Avionics systems include a highly accurate inertial navigation system in which a computer provides steering information to the pilot. The plane has UHF and VHF radios plus an instrument landing system. It also has a warning system and modular countermeasure pods to be used against airborne or surface electronic threats. The fuselage has space for additional avionics systems.

General Characteristics

 

Primary Function:

Multirole fighter.
Contractor: Lockheed Martin Corp.
Power Plant: F-16C/D: one Pratt and Whitney F100-PW-200/220/229 or General Electric F110-GE-100/129
Thrust: F-16C/D, 27,000 pounds(12,150 kilograms)
Length: 49 feet, 5 inches (14.8 meters)
Height: 16 feet (4.8 meters)
Wingspan: 32 feet, 8 inches (9.8 meters)
Speed: 1,500 mph (Mach 2 at altitude)
Ceiling: Above 50,000 feet (15 kilometers)
Maximum Takeoff Weight: 37,500 pounds (16,875 kilograms)
Range:
More than 2,000 miles ferry range (1,740 nautical miles)
Armament One M-61A1 20mm multibarrel cannon with 500 rounds; external stations can carry up to six air-to-air missiles, conventional air-to-air and air-to-surface munitions and electronic countermeasure pods.
Unit Cost: F-16C/D, $20 million plus
Crew F-16C: one; F-16D: one or two
Load Options 92 troops or or or
  64 paratroops
  74 litter patients
  five standard freight pallets.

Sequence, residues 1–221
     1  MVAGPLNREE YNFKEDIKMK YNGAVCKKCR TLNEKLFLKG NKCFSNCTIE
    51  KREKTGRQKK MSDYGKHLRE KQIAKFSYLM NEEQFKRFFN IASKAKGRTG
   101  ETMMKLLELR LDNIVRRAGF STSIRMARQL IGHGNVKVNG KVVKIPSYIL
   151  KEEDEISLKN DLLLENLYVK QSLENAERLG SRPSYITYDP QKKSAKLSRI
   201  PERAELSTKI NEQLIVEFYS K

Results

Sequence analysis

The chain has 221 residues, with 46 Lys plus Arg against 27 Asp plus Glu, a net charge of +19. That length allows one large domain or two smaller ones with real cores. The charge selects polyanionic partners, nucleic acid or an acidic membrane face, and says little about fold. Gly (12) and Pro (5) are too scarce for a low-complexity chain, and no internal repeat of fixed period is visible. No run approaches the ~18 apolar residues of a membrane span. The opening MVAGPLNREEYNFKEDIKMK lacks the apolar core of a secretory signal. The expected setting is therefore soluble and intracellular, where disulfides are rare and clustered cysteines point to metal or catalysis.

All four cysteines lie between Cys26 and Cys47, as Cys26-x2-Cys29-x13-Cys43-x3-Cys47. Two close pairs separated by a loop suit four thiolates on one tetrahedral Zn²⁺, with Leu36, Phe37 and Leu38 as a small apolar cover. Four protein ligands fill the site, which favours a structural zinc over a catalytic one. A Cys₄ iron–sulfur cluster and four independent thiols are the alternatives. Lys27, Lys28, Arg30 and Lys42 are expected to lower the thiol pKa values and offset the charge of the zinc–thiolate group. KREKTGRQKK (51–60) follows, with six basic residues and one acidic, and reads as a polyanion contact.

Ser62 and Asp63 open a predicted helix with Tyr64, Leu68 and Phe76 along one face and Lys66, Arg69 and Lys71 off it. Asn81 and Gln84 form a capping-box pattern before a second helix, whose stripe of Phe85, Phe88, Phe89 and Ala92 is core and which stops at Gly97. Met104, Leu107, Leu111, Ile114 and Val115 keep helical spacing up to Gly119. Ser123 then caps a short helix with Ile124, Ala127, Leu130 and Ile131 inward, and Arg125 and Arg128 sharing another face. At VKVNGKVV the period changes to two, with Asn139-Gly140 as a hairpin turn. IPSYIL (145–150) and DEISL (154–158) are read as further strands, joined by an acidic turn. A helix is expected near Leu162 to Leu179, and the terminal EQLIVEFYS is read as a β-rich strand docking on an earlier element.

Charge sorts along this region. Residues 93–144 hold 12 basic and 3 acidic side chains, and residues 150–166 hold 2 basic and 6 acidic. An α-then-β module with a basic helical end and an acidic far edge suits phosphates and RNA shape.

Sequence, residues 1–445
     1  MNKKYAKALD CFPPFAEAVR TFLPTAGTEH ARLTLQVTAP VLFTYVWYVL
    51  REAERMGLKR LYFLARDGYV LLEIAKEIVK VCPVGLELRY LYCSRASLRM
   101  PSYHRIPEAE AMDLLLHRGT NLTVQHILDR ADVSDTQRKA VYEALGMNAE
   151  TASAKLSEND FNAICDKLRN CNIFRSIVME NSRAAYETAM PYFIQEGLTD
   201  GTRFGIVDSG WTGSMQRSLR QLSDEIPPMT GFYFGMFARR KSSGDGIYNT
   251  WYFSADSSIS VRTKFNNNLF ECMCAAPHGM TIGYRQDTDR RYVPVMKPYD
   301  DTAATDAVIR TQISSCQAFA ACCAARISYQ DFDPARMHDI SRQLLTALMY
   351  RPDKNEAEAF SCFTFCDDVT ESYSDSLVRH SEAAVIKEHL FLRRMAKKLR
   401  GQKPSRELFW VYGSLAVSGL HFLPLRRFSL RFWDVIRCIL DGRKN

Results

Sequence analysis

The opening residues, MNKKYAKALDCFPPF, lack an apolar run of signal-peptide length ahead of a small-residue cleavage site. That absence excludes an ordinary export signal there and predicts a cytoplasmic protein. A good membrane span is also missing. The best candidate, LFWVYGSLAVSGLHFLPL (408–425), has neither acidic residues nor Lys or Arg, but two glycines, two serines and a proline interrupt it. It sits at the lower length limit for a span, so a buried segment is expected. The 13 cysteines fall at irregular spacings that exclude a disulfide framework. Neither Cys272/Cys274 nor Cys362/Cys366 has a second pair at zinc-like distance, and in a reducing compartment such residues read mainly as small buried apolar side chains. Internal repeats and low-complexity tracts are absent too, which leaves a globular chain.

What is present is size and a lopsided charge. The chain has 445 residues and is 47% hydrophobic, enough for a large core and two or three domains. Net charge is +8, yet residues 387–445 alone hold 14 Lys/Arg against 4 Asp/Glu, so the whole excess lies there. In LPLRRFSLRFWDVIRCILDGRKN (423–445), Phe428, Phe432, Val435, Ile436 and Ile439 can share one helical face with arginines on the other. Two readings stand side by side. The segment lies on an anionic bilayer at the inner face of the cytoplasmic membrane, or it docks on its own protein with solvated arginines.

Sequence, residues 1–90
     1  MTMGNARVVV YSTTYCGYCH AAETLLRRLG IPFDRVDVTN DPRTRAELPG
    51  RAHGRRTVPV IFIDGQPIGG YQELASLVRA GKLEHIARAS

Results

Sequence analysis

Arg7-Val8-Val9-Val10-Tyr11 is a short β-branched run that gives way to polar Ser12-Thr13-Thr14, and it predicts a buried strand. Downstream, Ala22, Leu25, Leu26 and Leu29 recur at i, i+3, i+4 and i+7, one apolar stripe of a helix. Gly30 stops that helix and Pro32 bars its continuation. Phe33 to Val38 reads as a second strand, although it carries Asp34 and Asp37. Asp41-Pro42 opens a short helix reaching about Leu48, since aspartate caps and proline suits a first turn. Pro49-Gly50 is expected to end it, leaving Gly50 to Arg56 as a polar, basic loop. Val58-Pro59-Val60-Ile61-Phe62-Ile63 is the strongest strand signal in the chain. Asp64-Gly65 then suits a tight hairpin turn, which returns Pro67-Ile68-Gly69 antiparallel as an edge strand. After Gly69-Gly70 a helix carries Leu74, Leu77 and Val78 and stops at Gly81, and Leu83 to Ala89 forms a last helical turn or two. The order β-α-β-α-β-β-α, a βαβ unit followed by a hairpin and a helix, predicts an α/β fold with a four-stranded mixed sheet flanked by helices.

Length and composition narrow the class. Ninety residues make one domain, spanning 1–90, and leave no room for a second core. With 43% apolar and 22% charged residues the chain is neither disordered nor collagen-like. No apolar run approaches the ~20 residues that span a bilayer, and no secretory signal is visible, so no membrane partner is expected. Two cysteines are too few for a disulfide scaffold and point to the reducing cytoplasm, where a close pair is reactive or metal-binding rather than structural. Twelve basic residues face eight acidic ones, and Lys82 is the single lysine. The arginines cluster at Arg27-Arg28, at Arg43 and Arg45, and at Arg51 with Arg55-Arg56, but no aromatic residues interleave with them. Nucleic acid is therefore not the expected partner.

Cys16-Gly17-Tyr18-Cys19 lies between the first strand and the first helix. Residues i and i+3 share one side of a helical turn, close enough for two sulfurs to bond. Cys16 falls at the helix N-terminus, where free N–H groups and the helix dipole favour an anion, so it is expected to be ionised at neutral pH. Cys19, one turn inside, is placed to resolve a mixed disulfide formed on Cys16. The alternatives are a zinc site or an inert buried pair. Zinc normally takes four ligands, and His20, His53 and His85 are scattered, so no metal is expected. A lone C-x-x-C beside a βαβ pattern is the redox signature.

Date Deployed: January 1979
Inventory Active force, 444; Air National Guard, 305; Reserve, 60
  June 1997


This picture shows the F-16, firing a missile.

 

SR-71 Blackbird

USAF FACT SHEET 92-34

My opinion: The first time I ever saw this plane, I was lost. It was big, black, fast, and a record breaker. Could you ask for more? I couldn't.
The baby was my dream to fly, but then I realized that:
1. I wasn't an American
2. It was a spy plane.
3. I was a Danish kid, in the age of 10
4. Woops, they stopped to use the plane, due to economical cost

When USAF stop to use an aero plane, due to their wallet size, that means that the cost are major!

Mission

Short and sweet: Fly for 8 hours, and spy on the enemy, at Mach 3, at an altitude, where missiles and no other plane would be able to intercept it.

 

Background

Originally designated SR-71, the Skunk Works was forced to change about 29,000 blueprints to SR-71 when Lyndon Johnson accidentally turned the letters around during his 1964 announcement acknowledging the existence of the airplane.
Called the Blackbird, the SR-71 was so far ahead of its time that to this day very few (such as the X-15 and the Space Shuttle) airplanes can outperform it. Everything about this airplane's creation was gigantic: the technical problems that had to be overcome, the political complexities surrounding its funding, even the ability of the Air Force's most skilled pilots to master this "incredible wild horse of the stratosphere." It was a gigantic leap over the U-2 in every way. In the words of Kelly Johnson, "It makes no sense to just take this one or two steps ahead, because we'd be buying only a couple of years before the Russians would be able to nail us again. No, I want us to come up with an airplane that can rule the skies for a decade or more." He wanted to design an airplane that used conventional engines and fuel, but still be able to outrace any missile.
The Blackbird, code-named Oxcart during its development, flies on a tremendous 65,000 lbs. of thrust at an altitude of 100,000+ feet at Mach 3.5, and has a range of four thousand miles. That is not only four times faster than the U-2 but seven miles higher - and the U-2 was then the current high-altitude champion.